The Suburbs (Merge)
The 1980s dominates the emotional landscape of Arcade Fire’s third album. There’s less Talking Heads-inspired angst this time around, but there’s plenty of Springsteen and Echo and the Bunnymen, and in one case (“Modern Man”) they get considerable mileage from a progged-up Rick Springfield vamp. A few moments—particularly standout “The Sprawl (Mountains Beyond Mountains)”—capture the feel of top-of-their-game New Order. But intentionally or not, The Suburbs seems less about the wane of youth and more about its pursuant bitterness—a sour turn after the catharsis of the 2004 debut Funeral—and a similar resignation keeps the sound rooted in the present, where other bands are doing most of the same things almost as well. (It’s all well and good that acts like the Killers take big cues from Arcade Fire, but a few under-earned and over-sold crescendos here come uncomfortably close to reversing the formula.) The Suburbs is some of the best indie rock of the past few years, but it’s too familiar to be an event.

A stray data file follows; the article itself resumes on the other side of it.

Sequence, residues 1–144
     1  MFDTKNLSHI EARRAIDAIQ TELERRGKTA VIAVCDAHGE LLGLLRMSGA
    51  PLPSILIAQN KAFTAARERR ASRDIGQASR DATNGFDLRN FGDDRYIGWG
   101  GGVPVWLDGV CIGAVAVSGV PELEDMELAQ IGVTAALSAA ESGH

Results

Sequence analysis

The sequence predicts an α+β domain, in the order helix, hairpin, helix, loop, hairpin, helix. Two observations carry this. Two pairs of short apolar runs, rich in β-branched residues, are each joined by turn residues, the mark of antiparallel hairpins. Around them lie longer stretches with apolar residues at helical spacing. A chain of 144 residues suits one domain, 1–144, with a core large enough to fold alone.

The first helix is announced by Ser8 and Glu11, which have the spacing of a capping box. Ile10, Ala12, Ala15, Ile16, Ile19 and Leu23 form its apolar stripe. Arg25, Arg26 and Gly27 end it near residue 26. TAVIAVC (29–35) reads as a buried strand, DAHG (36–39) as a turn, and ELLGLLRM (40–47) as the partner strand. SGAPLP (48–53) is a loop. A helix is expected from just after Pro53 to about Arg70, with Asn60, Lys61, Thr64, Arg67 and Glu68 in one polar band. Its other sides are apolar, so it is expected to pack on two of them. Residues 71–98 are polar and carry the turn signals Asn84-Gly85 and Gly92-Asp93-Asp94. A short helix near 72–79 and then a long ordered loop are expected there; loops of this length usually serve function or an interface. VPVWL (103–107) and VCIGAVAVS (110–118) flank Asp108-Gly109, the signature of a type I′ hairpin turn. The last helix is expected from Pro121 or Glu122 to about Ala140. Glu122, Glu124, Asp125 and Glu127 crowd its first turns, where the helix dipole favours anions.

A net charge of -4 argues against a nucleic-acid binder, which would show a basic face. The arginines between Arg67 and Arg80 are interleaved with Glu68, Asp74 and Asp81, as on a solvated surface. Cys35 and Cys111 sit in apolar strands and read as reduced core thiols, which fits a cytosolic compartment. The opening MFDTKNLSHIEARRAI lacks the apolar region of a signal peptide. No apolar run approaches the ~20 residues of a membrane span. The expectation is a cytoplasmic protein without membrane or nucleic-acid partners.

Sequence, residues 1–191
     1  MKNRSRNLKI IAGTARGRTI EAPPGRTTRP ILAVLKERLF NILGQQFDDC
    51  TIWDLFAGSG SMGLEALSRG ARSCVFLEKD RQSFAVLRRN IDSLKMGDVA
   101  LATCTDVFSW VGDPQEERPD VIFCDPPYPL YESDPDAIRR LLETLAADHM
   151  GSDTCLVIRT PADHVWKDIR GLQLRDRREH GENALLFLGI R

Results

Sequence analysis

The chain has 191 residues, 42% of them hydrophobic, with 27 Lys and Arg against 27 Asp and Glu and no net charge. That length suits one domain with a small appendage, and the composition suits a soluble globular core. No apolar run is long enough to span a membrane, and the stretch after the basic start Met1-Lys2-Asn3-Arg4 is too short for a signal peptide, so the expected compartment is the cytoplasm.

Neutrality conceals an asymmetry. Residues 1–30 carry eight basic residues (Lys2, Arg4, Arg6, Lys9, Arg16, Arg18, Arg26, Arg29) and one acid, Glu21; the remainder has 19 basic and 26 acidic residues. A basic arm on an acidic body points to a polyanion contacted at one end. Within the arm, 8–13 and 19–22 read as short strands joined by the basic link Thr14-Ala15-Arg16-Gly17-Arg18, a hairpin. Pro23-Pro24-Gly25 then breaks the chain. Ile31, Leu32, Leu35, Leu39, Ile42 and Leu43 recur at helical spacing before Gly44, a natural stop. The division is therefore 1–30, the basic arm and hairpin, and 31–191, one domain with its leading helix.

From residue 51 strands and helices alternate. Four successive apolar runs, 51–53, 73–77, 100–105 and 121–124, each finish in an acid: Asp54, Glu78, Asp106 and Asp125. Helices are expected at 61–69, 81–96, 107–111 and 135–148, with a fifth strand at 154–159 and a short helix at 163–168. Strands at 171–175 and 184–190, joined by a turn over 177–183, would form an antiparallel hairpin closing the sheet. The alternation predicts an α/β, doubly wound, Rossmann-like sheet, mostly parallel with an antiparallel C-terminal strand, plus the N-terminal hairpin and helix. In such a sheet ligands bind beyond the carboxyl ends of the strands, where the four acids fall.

Frontman Win Butler and wife Régine Chassagne pick the sprawl of adult life as a lyrical conceit, and sprawl is a problem for their album as well. Fans will appreciate that at 16 tracks The Suburbs is significantly longer than its predecessors, and though there’s something to recommend in every track it may have been wiser to set any random handful aside, shortening the album’s less distinguished middle section and giving the songs more room to breathe. (It speaks highly of the band that severing even one or two of the stronger songs would be unlikely to hurt the surrounding album.) As it is, there’s a little too much to take in at once, and given The Suburbs’ strengths and weaknesses—and more pointedly its themes—it’s not hard to see something damaged but somehow purer underneath it all.